Why The U.S. Won’t Let the U.N. Look Inside Its Prisons

After a half-decade and a mandate by the U.N. to investigate solitary confinement practices, U.N. torture rapporteur Juan Mendez had to find a backdoor into an American jail. Today, his findings are released in a report.

In 2010, Juan Mendez was appointed Special Rapporteur on Torture and other Cruel, Degrading and Inhumane Treatment by the United Nations. His mandate is wide in size and scope—to expose and document torture wherever it exists on the planet today.

Since the beginning of his mandate Mendez has made criticizing the overuse of solitary confinement a priority. In 2011, he issued a report stating that 22 or 23 hours a day alone in a prison cell for more than 15 days at a time can cause permanent, lasting psychological damage and can constitute torture.

This problem, he emphasized, is particularly severe in the U.S., where prisoners are routinely held under such conditions for months, years and even decades at a time. Many have never committed a violent crime.

Fast-forward five years. The U.S. government has yet to grant Mendez access to a single isolation pod in any U.S. prison. The clock is ticking. Mendez has a mere 20 months left of his term, and he has yet been able to substantiate his reports with a firsthand investigation.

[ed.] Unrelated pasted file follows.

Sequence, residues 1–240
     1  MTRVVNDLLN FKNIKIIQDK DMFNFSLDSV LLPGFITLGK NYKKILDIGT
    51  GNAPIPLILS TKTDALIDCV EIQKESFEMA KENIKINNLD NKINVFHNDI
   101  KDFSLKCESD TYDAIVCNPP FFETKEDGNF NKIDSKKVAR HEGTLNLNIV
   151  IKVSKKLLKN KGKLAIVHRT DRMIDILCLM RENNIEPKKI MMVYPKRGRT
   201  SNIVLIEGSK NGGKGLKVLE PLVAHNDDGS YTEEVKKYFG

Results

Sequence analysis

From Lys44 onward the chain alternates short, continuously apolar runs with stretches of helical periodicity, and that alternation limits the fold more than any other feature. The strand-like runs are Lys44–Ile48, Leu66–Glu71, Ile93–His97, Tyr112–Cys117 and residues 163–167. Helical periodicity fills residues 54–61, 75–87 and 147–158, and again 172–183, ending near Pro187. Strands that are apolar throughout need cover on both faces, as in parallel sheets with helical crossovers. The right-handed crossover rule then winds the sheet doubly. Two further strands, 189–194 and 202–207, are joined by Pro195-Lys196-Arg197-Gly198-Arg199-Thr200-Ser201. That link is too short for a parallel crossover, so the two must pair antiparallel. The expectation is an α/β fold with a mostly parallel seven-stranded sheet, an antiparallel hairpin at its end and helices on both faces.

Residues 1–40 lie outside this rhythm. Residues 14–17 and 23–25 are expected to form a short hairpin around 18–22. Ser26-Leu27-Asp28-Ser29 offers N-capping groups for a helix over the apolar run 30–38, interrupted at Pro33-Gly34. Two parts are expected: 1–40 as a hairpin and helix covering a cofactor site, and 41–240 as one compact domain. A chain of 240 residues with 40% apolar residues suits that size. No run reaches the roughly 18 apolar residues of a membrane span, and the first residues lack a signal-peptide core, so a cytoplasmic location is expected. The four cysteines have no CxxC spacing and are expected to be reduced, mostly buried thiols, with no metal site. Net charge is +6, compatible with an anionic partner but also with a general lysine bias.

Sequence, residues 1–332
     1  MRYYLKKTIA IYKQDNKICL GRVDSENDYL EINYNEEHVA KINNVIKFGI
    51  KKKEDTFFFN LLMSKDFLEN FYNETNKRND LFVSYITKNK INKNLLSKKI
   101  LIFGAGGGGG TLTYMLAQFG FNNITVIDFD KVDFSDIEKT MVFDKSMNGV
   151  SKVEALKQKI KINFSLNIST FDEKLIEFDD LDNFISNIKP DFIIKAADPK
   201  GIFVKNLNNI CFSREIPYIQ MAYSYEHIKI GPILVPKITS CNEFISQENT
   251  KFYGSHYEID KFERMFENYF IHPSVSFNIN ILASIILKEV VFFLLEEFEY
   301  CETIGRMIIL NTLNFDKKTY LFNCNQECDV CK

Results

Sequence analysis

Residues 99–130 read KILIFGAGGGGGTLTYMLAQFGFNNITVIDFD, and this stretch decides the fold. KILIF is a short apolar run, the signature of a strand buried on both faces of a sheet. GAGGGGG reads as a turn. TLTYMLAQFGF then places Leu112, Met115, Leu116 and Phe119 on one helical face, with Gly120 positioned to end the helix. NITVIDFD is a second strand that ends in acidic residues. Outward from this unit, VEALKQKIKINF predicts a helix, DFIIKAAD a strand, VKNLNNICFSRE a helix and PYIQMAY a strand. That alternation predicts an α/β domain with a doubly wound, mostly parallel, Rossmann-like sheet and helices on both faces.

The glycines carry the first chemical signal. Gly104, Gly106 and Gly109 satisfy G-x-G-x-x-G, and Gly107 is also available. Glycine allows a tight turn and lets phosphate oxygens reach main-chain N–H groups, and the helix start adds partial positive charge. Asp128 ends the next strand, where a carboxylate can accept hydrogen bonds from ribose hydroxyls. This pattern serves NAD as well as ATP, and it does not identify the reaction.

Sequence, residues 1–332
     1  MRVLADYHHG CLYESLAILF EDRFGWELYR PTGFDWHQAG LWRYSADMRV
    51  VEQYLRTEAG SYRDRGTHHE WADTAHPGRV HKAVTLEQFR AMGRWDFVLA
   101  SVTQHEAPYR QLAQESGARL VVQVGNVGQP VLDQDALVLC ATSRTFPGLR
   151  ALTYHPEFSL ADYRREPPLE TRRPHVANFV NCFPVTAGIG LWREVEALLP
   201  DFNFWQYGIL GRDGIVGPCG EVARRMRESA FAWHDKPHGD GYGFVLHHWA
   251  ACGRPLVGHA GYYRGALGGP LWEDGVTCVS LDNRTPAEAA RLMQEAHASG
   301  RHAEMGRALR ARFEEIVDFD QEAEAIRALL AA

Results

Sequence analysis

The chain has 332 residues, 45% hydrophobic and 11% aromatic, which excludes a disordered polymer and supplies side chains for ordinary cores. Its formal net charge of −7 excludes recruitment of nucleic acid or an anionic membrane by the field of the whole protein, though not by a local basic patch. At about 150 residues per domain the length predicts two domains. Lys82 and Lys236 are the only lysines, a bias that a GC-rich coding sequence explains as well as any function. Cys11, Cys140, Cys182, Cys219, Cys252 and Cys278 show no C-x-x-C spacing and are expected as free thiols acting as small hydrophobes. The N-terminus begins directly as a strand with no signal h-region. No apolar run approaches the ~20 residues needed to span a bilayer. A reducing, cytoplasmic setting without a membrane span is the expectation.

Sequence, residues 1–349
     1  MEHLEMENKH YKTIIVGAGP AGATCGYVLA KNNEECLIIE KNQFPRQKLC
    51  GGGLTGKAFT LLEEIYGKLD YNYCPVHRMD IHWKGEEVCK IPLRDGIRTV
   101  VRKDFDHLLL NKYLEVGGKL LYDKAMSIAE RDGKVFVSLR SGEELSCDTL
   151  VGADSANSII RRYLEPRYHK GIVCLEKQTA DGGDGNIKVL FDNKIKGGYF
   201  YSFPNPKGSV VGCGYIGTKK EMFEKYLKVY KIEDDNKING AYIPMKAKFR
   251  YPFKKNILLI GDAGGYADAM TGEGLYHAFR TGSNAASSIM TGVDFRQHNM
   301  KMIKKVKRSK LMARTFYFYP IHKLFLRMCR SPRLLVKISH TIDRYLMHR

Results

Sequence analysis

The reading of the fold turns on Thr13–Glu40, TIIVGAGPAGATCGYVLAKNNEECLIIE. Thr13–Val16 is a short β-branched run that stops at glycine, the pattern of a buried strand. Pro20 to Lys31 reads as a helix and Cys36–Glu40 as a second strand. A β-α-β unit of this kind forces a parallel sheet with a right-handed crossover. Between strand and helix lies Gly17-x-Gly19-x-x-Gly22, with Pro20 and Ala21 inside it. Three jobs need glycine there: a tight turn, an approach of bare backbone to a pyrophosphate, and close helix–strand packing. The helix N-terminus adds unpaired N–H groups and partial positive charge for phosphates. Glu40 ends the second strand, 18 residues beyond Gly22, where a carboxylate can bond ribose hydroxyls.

“The U.S. was voted into the Human Rights Council—a position that carries with it an obligation to cooperate,” he says. When he speaks, Mendez wears a look of weary determination befitting of his post.

“I’m disappointed to still be waiting for the State Department to respond to my request. I’ve been waiting over two years.”

“That fact that he hasn’t received a response is contemptible,” says Laura Rovner, legal expert on prison conditions from University of Denver. “It puts the U.S. in the company of countries like Syria, Pakistan, and Russia that also have been unresponsive to requests for country visits.”

“Given the length of the delay,” Rovner continues. “You have to wonder about the reason, whether it’s motivated by concerns about what the Special Rapporteur will find inside these prisons.”

Then suddenly, last December, Mendez was allowed access to California’s Pelican Bay State Prison—a facility known for keeping inmates in isolation indefinitely in its Security Housing Unit (SHU).

This visit did not come about through the official channels Mendez had long been appealing to, however. Instead, he found a way in to one of the most notorious prisons in the country through a kind of backdoor.

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